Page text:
Transitions-Oakville, Burlington and Mississauga Real Estate Blog: Climate of Burlington and Oakville, Ontario, Canada

Real Estate blog about property, home buying and selling, life in Burlington, Oakville and Mississauga Regions of Ontario, Canada.

Climate of Burlington and Oakville, Ontario, Canada

The continental (4 distinct seasons) climate of the Burlington and Oakville area is moderated by it's proximity to the Lake Ontario and the Niagara Escarpment.
Belleville and region experiences warmer temperatures in the winter and slightly cooler temperatures in the summer due to these effects and the average snowfall is lower than many areas in Canada and the north eastern states of the USA.

Our winters generally pass fairly quickly with an average of 291 hours of sunlight.

Oftentimes in winter we will experience a sudden thaw with a number of days reaching above 10C and into the 50s. The odd winter we experience very little snow and generally, January and February are the coldest months.
The average number of snow days is 42.

Spring like weather usually starts to occur haphazardly in March with many warm sunny days.

April is the transition period from cool winter days to very warm springlike days and we can sometimes experience a bit of both.
Our spring weather is extremely warm with temperatures often in the 70s and many people pick May to take their first swim in the areas abundant water bodies.

The Victoria Day weekend (mid-May) is traditionally the start of our summer activities with many people camping in area campgrounds and opening their cottages for the season.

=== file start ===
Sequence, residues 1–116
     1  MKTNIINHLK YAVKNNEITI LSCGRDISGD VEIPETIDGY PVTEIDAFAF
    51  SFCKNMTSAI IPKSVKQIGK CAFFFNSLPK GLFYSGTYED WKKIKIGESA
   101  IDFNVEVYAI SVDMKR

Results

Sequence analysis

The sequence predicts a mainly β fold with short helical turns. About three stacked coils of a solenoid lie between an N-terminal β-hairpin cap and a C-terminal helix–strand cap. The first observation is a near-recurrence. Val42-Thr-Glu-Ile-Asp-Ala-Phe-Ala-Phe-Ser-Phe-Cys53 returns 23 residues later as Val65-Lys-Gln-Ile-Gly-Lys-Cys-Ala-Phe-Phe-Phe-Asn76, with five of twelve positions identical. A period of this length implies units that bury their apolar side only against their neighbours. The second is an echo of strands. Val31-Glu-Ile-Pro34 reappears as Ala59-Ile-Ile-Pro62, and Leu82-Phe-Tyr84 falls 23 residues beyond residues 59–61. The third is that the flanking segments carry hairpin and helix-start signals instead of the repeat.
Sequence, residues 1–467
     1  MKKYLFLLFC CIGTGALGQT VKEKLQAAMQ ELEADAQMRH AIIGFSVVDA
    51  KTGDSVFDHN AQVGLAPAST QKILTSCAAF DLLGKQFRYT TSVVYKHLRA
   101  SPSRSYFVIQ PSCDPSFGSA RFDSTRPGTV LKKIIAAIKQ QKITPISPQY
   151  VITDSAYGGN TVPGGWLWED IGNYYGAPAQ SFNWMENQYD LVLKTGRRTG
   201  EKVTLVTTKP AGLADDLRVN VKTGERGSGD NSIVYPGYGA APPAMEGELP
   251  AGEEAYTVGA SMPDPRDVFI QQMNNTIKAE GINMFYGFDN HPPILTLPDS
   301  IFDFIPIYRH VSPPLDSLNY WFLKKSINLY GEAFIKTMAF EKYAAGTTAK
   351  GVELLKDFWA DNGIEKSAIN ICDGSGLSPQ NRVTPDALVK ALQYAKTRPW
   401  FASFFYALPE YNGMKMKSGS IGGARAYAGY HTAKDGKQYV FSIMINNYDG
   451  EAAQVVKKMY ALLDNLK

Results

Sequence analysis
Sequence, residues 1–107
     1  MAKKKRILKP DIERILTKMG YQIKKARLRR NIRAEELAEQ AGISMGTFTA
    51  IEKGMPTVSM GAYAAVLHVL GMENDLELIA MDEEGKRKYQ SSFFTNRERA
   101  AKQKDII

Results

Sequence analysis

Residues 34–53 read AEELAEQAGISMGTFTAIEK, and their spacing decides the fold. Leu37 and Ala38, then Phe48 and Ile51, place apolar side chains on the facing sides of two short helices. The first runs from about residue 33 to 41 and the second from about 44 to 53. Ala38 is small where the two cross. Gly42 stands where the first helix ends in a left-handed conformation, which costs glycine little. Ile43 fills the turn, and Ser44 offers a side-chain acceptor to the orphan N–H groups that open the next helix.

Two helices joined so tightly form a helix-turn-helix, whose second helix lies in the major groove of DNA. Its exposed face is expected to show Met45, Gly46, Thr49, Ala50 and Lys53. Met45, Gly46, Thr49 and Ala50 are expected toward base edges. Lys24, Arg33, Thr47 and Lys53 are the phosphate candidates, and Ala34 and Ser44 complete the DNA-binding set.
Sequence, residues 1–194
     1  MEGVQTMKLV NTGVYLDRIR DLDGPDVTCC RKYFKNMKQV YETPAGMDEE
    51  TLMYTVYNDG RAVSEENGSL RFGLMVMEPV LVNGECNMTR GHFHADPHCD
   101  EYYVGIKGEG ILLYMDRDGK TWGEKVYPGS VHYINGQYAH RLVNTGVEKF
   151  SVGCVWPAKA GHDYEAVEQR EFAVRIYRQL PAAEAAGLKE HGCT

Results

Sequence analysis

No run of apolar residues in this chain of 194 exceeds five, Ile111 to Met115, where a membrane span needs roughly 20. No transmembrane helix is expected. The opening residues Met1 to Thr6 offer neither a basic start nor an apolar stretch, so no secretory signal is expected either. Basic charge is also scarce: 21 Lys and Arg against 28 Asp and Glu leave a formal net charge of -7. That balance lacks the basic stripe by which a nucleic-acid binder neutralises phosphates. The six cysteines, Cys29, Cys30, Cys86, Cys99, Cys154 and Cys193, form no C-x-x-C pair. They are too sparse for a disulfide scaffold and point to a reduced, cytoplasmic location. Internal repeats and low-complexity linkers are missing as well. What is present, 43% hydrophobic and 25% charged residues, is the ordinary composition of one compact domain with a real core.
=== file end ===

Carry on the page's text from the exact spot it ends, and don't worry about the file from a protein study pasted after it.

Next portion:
The summers in recent years have been very hot with many days reaching into the 90s although the average high temperature in the summer months is approximately 80F.

The humidity can reach fairly uncomfortable levels and we are in one of the most active thunder storm regions of North America with numerous thunder and lightning storms thoughout the warmer seasons. The storms serve to break up the humidity and bring cooler, clearer weather.

Summer is a beautiful time in the Burlington and Oakville area with an abundance of summer-time actiivities to partake of.

There are numerous marinas for boaters and many clean beaches for swimming. Burlin gton and Oakville are close to numerous  provincial, municipal and private waterfront parks where excellent camping facilities and a wide array of activities to enjoy can be found.

This is an excellent area for the growth of vegetables and fruits and our strawberry season usually arrives in early June.

There are many local farms where one can pick their own raspberries, plums, apples, pears, cherries and a wide variety of vegetables. With rainfall occuring on an average of 100 days and sunlight hours from June to August averaging 771 hours, the climate is excellent for gardening and farming.

Summer temperatures often last into October and the autumn is a wonderful time of the year to enjoy the harvest activities and the changing leaves. The region abounds in fall fairs and festivities as we welcome in the coming cooler months.

Many of the local residents travel to Florida or other southern points for January and February, however they wouldn't miss being back here for the arrival of a glorious spring where thousands of wildflowers and trees are in bloom and the air is fresh with a myriad of intoxicating scents and bird song.

The four seasons of Burlington and Oakville are beautiful with each having a beauty specific to itself that stays in one's memory forever more.

©2012JoSmith


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Comment balloon 2 commentsJo-Anne Smith • June 02 2012 01:32PM

Comments

Hi Jo, this is a great explanation of what one can expect moving to the Oakville area from other parts of Canada or The States.  I am always amazed how the climate can be much more moderate around a large body of water such as Lake Ontario.

It's great to have you back blogging on AR!

Posted by Bruce Walter (Keller Williams Realty Lafayette/West Lafayette, Indiana) over 6 years ago

Hi Bruce,

Thanks for stopping by! It is amazing how water bodies are able to affect our temperature and weather patterns to such a degree. Do you have any large lakes near you?

Jo

Posted by Jo-Anne Smith over 6 years ago

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